An Epic card, Sword of Justice is a 1/5 weapon that grants +1/+1 to any friendly summoned minion at a cost of 1 Durability. Your Hero Power now plays a 2/2 Silverhand Recruit. I often find myself lucky to have this in my hand with Muster for Battle, which I’ll play when I have only 3 Durability left. Each summoned Silverhand Recruit will drain the Sword of Justice prior to arming you with a Light’s Justice weapon.
A Rare card, Divine Favor draws cards until you have as many in your hand as your opponent. I blow through cards with this Pally build, so I’m always looking to empty my hand and fill up to match my opponent with Divine Favor. Experienced players are savvy to this trick and try to undercut my card count, which is when Blessing of Wisdom comes in handy. Either way they choose to play, I can exaggerate it to take control.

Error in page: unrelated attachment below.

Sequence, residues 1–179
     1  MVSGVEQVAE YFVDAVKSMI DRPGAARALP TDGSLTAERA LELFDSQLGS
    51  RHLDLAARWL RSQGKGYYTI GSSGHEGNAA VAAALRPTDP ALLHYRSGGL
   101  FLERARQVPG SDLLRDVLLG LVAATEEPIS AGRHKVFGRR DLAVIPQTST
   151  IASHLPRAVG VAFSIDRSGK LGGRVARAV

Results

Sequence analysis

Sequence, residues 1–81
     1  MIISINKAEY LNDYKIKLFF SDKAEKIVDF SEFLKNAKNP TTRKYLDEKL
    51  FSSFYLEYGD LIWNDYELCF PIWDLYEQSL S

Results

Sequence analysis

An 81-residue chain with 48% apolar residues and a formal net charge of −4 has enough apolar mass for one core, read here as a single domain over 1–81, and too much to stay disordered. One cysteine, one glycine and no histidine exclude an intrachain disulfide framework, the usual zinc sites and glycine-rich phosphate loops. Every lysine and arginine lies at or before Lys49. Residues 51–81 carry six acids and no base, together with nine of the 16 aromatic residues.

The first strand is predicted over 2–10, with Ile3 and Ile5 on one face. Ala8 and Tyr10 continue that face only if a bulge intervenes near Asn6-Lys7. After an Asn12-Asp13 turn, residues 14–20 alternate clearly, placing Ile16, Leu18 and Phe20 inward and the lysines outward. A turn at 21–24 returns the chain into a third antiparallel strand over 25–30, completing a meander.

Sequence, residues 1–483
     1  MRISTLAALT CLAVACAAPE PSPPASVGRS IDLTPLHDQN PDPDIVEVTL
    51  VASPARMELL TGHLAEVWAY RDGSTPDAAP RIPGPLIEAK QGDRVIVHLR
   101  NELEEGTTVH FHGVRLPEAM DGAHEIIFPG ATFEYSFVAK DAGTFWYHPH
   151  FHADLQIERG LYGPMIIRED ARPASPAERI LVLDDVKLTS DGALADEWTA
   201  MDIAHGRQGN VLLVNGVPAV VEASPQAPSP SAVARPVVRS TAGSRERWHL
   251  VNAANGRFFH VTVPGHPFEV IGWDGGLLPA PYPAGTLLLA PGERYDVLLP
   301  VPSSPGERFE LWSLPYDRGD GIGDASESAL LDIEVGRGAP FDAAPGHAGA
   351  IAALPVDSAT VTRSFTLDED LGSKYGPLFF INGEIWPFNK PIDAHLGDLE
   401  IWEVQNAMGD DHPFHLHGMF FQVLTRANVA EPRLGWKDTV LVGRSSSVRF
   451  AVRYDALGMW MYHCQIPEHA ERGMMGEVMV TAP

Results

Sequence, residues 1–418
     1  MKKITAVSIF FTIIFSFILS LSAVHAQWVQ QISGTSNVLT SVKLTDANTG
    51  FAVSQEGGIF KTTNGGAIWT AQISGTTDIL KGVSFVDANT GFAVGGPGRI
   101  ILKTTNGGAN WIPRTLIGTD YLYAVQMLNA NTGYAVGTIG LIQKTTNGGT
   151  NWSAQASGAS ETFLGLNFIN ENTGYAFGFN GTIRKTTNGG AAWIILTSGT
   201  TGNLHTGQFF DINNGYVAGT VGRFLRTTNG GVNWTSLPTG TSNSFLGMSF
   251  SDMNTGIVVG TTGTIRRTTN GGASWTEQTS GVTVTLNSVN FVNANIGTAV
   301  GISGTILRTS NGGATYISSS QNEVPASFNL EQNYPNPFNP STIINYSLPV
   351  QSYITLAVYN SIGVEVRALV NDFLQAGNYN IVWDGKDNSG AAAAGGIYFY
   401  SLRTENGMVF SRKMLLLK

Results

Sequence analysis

A handy card to have, Muster for Battle summons three 1/1 Silverhand Recruits and grants your hero a 1/3 weapon. This has a similar effect to a Hunter’s Summon the Hounds card, although your minions won’t have Charge. When paired with Sword of Justice, this card can truly overwhelm an opponent early game.
The Aldor Peacekeeper is a Paladin-specific card that changes the attack of any enemy minion you select to 1. I find this card indispensable in matches against a variety of classes, as they prep their end-game minions with double-digit and/or one-shot attack capability. Aldor Peacekeeper is best saved for end-game, so I discard it from my initial hand when possible.
A simple, but deadly, classic, the Rare Demolisher deals 2 damage to a random enemy at the start of every turn. Most often than not, I use this card to draw aggro away from a more valuable minion (i.e. a 1/1 Secretkeeper with 2-3 Secrets in hand). If left on the board, the DPS of this card keeps your opponent busy while you plan a bigger attack.